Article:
The Southwestern Historical Quarterly, Volume 52, July 1948 - April, 1949 Page: 375
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Book Reviews 375
papers, and the like left by the key figures in the telegraph's
history. The author has compiled the facts; and his generaliza-
tions and interpretations, being held to a minimum, never bur-
den the reader yet serve throughout to complete the understand-
ing and to add interest and continuity.
The author's story of the earliest beginnings of the telegraph
and of the struggle to invent it, and the sketch of the life of
Samuel F. B. Morse are all brief, yet complete and satisfying.
He traces the era of early optimism and methodless enthusiasm
during which the country was webbed with a crude network of
wires, and during which promoters, with dreams of fortunes to
be had, brought about chaos. During this period greedy pro-
moters organized and constructed lines with reckless abandon.
The result was fierce rivalry, litigation, and chaos, and through-
out the era each struggle ended in an irresistible movement
toward consolidation. Interests formed alliances, and fought for
the control of patents and for the control of rights. Bad manage-
ment, ruthless competition, and litigation soon brought failure
A new era opened, and gradually a degree of cooperation was
achieved. By 1857 six powerful companies virtually controlled
the industry, but their "Six Nations Alliance," formed to obtain
sovereignty in each of their particular geographic areas, failed to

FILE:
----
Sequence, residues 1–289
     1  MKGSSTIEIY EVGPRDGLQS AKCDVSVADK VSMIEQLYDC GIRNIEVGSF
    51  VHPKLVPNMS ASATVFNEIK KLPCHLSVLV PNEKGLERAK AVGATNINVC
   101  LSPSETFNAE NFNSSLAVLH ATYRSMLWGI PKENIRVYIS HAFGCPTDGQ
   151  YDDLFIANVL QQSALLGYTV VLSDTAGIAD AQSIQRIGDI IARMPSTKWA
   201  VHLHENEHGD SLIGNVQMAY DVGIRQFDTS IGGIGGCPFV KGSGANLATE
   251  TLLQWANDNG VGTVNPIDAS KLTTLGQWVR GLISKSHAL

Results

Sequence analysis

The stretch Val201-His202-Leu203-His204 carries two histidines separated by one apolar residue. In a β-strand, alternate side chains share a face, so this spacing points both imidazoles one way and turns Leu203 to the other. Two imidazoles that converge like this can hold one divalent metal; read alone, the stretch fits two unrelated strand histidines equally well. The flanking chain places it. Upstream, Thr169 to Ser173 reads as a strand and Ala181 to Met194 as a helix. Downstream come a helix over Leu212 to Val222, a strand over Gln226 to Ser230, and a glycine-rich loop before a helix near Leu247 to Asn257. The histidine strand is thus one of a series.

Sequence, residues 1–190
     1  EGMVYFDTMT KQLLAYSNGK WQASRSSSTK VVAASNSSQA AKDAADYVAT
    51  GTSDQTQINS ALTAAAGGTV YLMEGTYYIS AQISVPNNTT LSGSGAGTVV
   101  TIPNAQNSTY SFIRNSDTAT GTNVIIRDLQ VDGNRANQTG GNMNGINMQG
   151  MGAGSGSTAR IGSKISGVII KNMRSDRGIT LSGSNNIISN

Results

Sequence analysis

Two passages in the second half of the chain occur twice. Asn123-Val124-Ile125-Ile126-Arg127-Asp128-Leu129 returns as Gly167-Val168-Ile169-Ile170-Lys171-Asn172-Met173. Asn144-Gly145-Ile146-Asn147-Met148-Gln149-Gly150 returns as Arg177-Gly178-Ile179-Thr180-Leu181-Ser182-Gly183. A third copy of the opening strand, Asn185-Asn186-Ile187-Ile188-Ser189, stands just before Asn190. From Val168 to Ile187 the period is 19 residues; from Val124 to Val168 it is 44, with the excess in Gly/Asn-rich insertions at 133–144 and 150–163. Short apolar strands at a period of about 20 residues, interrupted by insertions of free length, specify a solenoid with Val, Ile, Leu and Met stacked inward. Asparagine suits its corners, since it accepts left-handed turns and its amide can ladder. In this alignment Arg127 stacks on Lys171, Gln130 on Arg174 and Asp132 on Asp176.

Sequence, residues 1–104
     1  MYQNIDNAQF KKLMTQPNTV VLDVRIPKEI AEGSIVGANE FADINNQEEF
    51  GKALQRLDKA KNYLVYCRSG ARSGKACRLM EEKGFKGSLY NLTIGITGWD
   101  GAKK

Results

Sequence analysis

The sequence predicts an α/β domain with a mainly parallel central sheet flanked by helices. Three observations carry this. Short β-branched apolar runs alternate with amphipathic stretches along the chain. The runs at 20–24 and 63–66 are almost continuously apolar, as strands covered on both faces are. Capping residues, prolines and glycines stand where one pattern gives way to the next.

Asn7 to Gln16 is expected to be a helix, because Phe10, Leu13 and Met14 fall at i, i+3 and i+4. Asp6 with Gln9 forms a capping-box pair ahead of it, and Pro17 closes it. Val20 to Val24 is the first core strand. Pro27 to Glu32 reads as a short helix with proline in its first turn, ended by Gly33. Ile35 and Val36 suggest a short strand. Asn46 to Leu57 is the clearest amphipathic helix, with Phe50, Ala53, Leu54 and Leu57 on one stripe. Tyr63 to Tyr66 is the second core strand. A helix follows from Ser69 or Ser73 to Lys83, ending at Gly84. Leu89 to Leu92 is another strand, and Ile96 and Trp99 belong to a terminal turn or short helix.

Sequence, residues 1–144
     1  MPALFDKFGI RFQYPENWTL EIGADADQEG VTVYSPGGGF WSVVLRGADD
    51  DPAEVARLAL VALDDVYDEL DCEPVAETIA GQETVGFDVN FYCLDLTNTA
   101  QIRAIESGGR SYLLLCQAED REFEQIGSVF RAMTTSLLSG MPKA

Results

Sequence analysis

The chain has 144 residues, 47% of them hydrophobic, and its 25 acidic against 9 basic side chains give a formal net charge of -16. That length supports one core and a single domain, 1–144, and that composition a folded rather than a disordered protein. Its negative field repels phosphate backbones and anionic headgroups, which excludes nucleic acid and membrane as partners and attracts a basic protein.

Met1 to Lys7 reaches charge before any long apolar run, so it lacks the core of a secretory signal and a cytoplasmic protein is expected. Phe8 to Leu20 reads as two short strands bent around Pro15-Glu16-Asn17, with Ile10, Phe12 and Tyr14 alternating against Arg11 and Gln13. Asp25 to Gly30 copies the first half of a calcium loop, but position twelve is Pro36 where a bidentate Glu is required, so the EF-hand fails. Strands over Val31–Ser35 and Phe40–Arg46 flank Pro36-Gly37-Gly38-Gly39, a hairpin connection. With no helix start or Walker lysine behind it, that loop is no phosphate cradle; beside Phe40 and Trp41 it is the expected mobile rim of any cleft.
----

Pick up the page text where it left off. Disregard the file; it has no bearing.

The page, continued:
solve the industry's problems. Each of the companies remained
suspicious of its associates, and each welcomed a failure of an
associate as an opportunity to buy the stock of a bankrupt rival.
The Civil War brought great changes and afforded the exact
opportunity for the Western Union to triumph over its nearest
rival, the American Telegraph Company. Thereafter, consolida-
tion was rapid, and in 1866 the Western Union became the coun-
try's first industrial monopoly. It provided a pattern which was
to be followed during the next fifty years by so many industries
The economist and the student of business organization and
of industrial finance will find the book a very valuable addition
to the literature of their fields. For those who study the role of
government in economic life there is the story of how Congress
failed to accept the opportunity to make the telegraph a part of
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Texas State Historical Association. The Southwestern Historical Quarterly, Volume 52, July 1948 - April, 1949, periodical, 1949; Austin, Texas. (texashistory.unt.edu/ark:/67531/metapth101121/m1/384/: accessed June 26, 2017), University of North Texas Libraries, The Portal to Texas History, texashistory.unt.edu; crediting Texas State Historical Association.